Who owns Free Software?
Conceptions of ownership
Software is an intangible thing. It can be thought of as a set of ideas, and as such, traditional ideas of ownership which affect objects like food and land do not apply to it. Therefore when we talk about intangible things like software, different conceptions of ownership apply. These can be split into four categories:
- Usage rights
Authorship relates to the original creator(s) of an idea, and allows authors to prevent their work from being used in a way which would damage their reputation. Patents are a separate system which relate to industrial processes, and generally only affect the activities of companies and manufacturing. Copyright is a set of laws which grants exclusive rights to creative work such as illustrations, music, literature, and software. It is a government imposed exclusive monopoly on ideas. Usage rights determine what a person is allowed to actually do with something, like whether they may copy or sell a particular thing. They are a way of understanding how legal restrictions affect a single person, and what rights that person does or does not have.
Generally copyright has the greatest impact on what we can and can't do with software. Software copyright is owned either by the person who wrote the code, or by the organisation that paid for it to be written. This copyright may be privately bought and sold. The only exception is software that is in the public domain, which has no owner and no restrictions on its use 1 2. Most Free Software is not in the public domain. Different Free Software projects have different policies concerning who may be the software copyright owner.
The Linux kernel, for example, has thousands of owners, each of whom hold the copyright to the particular code that they have contributed to the larger project. The Linux kernel's policy is that code contributors retain copyright ownership of their work, but it also requires that all contributions use a Free Software license 3. Other projects take a different approach. OpenOffice, for example, requires that the copyright ownership of all contributions are shared with the company that publishes it (Oracle). Other projects require copyright to be assigned from the author to the sponsoring organisation. In these cases all rights concerning copyright are permanently given up by the author to the organisation. This is true of all GNU projects 4, for example.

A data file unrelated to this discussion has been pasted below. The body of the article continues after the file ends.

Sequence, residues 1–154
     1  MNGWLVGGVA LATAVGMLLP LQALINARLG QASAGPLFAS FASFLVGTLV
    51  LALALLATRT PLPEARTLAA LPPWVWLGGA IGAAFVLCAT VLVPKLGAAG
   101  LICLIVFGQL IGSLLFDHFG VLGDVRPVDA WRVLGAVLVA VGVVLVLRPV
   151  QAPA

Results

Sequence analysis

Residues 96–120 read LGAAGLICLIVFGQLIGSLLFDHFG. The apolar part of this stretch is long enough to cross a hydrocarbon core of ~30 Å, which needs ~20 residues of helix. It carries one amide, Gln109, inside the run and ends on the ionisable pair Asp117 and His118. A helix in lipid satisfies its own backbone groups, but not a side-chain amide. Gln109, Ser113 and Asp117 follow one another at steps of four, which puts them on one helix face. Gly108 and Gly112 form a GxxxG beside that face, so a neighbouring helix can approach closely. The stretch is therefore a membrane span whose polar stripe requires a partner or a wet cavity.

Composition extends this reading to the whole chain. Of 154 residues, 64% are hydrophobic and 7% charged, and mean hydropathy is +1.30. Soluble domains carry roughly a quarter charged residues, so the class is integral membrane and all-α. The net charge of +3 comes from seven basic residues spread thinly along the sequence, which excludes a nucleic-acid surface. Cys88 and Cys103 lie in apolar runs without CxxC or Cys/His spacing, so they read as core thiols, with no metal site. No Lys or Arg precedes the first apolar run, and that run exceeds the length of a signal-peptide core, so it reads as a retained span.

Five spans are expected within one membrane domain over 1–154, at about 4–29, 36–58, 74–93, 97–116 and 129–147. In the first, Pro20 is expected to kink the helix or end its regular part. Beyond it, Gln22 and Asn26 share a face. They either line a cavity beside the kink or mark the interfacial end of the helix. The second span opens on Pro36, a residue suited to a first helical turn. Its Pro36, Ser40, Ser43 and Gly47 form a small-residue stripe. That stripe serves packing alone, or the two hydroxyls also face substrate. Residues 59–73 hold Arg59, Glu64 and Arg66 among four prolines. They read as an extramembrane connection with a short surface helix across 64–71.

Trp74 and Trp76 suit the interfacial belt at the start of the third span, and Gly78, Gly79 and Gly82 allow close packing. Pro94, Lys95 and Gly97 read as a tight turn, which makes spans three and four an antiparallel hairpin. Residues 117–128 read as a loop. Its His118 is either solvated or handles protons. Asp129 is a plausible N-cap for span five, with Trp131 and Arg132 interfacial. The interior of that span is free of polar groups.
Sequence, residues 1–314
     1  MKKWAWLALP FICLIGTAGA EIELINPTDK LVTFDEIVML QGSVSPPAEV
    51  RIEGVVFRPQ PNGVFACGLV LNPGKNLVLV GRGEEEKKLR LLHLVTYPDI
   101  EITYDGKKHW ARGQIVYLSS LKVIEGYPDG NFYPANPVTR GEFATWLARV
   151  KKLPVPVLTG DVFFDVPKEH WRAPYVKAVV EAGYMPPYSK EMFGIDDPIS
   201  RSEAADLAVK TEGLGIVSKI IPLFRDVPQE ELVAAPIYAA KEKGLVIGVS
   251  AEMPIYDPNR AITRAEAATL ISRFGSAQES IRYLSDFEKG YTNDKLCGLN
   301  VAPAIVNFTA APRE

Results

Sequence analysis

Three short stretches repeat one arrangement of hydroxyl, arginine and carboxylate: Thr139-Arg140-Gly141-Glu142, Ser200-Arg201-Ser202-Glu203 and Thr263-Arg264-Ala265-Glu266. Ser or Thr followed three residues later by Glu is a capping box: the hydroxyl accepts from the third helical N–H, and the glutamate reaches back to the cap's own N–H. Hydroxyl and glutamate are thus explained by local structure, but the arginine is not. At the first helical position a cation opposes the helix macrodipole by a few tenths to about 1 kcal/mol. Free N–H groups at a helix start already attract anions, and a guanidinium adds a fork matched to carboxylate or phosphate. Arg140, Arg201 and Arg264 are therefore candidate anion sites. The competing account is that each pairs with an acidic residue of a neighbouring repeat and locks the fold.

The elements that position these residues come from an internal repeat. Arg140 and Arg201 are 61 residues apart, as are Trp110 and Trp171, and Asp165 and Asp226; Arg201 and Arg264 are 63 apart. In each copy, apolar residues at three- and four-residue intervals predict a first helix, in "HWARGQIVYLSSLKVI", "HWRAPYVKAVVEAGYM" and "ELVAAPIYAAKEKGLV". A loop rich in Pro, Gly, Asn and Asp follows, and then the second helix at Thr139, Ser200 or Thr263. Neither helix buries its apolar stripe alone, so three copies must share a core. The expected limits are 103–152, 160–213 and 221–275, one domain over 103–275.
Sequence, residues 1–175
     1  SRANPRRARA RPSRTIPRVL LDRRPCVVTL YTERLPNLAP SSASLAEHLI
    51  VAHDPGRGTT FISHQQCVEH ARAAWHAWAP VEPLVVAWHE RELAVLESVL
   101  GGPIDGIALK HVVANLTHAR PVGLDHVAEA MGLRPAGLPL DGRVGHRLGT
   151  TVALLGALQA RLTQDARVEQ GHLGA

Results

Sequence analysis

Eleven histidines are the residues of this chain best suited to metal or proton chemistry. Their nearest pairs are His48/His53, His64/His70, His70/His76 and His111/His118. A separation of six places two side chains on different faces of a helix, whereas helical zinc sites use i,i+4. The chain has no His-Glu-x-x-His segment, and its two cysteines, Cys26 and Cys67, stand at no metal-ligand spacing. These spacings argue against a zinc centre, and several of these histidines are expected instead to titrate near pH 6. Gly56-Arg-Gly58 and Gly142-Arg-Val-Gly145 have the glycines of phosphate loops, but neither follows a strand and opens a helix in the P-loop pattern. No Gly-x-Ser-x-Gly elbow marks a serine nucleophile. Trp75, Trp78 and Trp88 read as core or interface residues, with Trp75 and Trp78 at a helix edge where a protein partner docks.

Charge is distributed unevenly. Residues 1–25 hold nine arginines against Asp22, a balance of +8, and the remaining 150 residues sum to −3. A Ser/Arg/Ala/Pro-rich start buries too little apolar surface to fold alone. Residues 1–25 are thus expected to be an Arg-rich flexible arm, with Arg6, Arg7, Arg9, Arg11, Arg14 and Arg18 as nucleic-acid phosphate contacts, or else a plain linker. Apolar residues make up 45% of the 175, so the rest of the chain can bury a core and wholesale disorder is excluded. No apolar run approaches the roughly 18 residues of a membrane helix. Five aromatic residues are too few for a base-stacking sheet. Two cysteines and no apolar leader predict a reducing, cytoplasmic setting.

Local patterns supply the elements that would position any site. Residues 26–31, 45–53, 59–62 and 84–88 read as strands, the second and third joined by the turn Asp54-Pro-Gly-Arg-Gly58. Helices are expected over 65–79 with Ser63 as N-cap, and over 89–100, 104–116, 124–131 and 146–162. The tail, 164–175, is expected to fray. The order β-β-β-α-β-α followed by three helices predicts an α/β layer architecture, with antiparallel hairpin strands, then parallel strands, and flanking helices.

Free Software does have copyright owners therefore. Who owns the copyright of Free Software is important for legal procedures, such as updating the Free Software license to a new one (eg. from GPLv2 to GPLv3), and ensuring that the license is complied with (and the right to take legal action when necessary). Once software is Free however, changes to who owns its copyright do not affect your rights to use it, as these are guaranteed by Free Software licenses.
Free Software licenses are unique in that they use copyright law to grant to the public freedoms that are usually reserved for the copyright owner. The 'PL' in 'GPL' stands for 'Public License'; the license hands the most important rights ('The Four Freedoms') to everybody. Critically, Free Software licenses are also irrevocable. Once software has been published under such a license it will forever be publicly available, and no change of heart, corporate merger, or legal argument can further restrict access to it 5.
Everybody 'owns' rights to Free Software therefore; we all have inalienable rights to use it as we wish in a way which is traditionally associated with legal copyright ownership. In this wider sense of ownership we all "own" Free Software. Some Free Software advocates refer to Free Software as being "publicly owned". Non-Free software is often referred to as being 'proprietary', which highlights this distinction in who "owns" rights to the software in question.
Whoever owns the copyright to Free Software always has the most rights to that software. Owners of Free Software choose to use their rights to share their rights as widely as possible. Therefore in a narrow legal sense Free Software is privately owned by software developers, foundations and companies. In a wider sense however we all own Free Software, because our freedom to use, modify, share, and improve it are guaranteed.
- Though there are no copyright restrictions on works in the public domain, there may be other restrictions, such as restrictions on the distribution of software deemed to post a risk to national security in the United States, or restrictions from related software patents, for example.
- Executable files which are in the public domain do not necessarily have their source code similarly available.
- Specifically, the Linux Kernel is licensed as GPLv2.
- See the GNU project's statement on copyright assignment.
- Only a fundamental change in international copyright law could affect the public's rights to Free Software for the worse. Currently this looks unlikely to occur in the foreseeable future.